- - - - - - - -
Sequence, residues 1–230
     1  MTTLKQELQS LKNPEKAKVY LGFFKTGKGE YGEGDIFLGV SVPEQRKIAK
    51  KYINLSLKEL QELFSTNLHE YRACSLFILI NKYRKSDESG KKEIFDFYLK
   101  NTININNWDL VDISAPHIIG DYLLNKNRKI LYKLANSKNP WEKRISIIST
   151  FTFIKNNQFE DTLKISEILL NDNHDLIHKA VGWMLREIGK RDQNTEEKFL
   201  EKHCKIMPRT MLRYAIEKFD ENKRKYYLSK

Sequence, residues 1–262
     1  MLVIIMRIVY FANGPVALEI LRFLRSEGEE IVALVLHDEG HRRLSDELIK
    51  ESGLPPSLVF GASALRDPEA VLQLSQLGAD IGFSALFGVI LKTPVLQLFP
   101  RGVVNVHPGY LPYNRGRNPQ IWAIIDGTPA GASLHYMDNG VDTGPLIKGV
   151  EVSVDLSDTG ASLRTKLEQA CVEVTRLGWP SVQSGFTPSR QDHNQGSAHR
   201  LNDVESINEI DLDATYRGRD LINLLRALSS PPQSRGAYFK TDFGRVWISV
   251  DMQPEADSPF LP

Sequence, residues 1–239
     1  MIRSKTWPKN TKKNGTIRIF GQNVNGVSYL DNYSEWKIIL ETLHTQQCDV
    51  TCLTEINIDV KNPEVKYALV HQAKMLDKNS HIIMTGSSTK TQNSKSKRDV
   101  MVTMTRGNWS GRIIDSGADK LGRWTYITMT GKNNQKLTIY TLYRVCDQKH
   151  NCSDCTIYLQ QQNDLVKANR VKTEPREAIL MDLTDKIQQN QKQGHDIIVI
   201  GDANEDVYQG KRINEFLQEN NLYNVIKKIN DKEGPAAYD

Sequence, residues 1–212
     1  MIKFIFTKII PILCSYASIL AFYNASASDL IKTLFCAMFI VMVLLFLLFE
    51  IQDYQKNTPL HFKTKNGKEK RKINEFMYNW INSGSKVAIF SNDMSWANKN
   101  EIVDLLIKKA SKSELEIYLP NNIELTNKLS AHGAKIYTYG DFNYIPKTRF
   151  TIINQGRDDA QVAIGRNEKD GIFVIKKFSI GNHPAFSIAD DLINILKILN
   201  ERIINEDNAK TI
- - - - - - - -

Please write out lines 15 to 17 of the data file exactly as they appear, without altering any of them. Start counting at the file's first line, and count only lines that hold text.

     1  MIRSKTWPKN TKKNGTIRIF GQNVNGVSYL DNYSEWKIIL ETLHTQQCDV
    51  TCLTEINIDV KNPEVKYALV HQAKMLDKNS HIIMTGSSTK TQNSKSKRDV
   101  MVTMTRGNWS GRIIDSGADK LGRWTYITMT GKNNQKLTIY TLYRVCDQKH